One of Laoag's famous monuments is known as the Sinking Bell Tower. Built around 1707 by Augustinians after an earthquake, it is one of the oldest and most massive bell towers in the Philippines. Standing at 45 meters ( feet) tall, the structure is of the earthquake baroque style, constructed of locally manufactured bricks, joined with molasses and plastered with lime stucco. The massive base whose foundation is 90 meters (300 ft) supports its graduated upper tiers and is topped with a dome and cross.
Like other earthquake-proof baroque style buildings, the tower has sturdy buttresses and is separate from St. William's Cathedral, which is actually 85 meters (279 ft) away.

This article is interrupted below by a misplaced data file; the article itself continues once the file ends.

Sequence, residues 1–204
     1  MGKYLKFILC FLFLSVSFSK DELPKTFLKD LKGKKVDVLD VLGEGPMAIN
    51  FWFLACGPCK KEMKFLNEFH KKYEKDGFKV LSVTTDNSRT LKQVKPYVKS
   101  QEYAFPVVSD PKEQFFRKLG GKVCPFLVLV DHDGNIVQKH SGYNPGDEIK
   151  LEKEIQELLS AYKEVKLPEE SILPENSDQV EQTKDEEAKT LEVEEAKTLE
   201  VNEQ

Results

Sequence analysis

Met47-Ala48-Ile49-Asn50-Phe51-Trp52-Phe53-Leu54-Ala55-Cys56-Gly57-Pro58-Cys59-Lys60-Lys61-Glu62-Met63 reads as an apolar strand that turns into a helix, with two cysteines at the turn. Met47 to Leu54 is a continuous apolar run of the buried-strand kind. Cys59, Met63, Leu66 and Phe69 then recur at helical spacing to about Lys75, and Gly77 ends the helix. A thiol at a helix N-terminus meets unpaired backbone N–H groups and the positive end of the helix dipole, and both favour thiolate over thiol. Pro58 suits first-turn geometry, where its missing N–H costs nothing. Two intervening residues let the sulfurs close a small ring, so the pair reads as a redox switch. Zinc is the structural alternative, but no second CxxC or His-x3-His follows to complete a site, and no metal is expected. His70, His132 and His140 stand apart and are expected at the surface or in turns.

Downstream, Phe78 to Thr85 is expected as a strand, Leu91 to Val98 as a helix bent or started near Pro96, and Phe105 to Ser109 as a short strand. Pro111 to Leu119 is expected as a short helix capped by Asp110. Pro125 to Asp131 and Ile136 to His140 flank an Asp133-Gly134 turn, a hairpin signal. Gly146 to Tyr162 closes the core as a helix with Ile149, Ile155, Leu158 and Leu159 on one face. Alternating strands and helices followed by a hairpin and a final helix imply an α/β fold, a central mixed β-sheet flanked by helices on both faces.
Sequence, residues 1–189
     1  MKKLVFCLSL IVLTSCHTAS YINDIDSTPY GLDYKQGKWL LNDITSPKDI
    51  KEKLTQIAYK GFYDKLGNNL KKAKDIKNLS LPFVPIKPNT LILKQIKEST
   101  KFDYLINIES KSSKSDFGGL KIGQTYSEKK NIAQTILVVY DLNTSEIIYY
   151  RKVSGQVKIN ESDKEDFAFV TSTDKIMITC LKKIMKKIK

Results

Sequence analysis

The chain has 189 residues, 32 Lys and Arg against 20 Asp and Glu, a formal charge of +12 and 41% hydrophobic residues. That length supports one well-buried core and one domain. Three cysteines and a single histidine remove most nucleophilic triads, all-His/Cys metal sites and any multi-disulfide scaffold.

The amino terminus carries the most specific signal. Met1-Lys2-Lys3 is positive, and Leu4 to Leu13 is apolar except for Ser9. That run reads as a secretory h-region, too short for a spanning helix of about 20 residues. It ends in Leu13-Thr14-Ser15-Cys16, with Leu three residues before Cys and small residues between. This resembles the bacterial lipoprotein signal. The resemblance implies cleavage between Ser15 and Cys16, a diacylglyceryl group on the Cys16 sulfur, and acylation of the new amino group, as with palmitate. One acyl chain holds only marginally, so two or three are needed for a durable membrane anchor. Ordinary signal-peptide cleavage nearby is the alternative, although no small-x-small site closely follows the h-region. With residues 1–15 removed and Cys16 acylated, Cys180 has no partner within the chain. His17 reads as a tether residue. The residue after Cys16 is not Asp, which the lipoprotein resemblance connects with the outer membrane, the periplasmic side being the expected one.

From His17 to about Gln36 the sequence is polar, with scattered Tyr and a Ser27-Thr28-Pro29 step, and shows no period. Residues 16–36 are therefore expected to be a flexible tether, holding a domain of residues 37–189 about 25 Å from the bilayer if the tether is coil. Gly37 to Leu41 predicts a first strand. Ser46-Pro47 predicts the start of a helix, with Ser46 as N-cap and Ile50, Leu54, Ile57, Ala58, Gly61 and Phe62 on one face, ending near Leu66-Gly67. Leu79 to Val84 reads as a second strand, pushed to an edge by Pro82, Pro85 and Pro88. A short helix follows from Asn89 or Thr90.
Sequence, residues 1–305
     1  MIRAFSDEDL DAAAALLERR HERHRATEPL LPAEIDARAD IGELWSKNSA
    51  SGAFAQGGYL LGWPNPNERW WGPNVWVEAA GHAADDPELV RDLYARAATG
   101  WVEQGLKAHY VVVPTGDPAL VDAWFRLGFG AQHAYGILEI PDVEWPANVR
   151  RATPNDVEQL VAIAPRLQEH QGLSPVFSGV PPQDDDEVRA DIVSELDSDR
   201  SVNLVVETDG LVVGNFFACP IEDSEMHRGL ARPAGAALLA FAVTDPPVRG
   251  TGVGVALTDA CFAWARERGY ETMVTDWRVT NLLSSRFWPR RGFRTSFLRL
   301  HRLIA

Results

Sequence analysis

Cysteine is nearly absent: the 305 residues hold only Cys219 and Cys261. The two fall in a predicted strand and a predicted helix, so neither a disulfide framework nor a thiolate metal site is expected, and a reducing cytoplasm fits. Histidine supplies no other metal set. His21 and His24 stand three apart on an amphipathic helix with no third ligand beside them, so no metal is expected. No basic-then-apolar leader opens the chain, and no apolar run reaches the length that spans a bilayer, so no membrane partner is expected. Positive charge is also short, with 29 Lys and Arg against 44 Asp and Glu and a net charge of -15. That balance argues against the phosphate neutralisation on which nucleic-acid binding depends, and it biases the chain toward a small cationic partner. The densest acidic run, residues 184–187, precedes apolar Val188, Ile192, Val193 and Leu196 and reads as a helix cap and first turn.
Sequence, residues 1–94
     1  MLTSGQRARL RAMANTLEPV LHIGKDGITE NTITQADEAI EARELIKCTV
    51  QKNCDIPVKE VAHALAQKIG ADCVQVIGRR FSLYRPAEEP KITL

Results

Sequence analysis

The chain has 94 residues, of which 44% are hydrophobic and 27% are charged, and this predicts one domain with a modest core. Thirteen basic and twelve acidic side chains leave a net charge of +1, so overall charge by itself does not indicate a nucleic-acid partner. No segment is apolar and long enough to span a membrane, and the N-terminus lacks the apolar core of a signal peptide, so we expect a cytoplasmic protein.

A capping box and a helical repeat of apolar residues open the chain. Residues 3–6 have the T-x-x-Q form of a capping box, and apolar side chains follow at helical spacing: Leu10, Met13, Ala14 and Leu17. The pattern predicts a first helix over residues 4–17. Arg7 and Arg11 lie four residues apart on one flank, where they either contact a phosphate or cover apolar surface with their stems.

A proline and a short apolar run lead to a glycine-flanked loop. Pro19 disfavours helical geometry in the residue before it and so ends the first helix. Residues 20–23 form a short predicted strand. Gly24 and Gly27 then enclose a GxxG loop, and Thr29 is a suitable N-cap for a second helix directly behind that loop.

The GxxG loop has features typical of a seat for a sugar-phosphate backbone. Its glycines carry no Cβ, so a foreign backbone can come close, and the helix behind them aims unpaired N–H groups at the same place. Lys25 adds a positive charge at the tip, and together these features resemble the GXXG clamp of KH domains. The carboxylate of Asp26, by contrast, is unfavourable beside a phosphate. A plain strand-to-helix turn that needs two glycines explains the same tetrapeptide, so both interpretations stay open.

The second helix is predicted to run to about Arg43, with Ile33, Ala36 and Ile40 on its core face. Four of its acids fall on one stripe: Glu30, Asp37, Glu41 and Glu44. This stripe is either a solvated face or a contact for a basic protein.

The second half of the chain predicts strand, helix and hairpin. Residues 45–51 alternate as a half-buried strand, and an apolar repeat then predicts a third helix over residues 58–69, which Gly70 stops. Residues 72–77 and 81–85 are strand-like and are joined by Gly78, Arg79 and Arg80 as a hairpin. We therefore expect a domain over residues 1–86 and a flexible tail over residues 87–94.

Built on sandy soil, the tower has been sinking at a rate of 2.5 cm (one inch) per year, thus lending its landmark name. At one time, a horse-mounted rider could once enter the vaulted door quite easily; now even a person of ordinary height would have to stoop. Despite its sinking status, the tower still performs its function of calling its Catholic members to mass via massive bells.
When I visited the Ilocos Norte town, entry inside the tower was not permitted.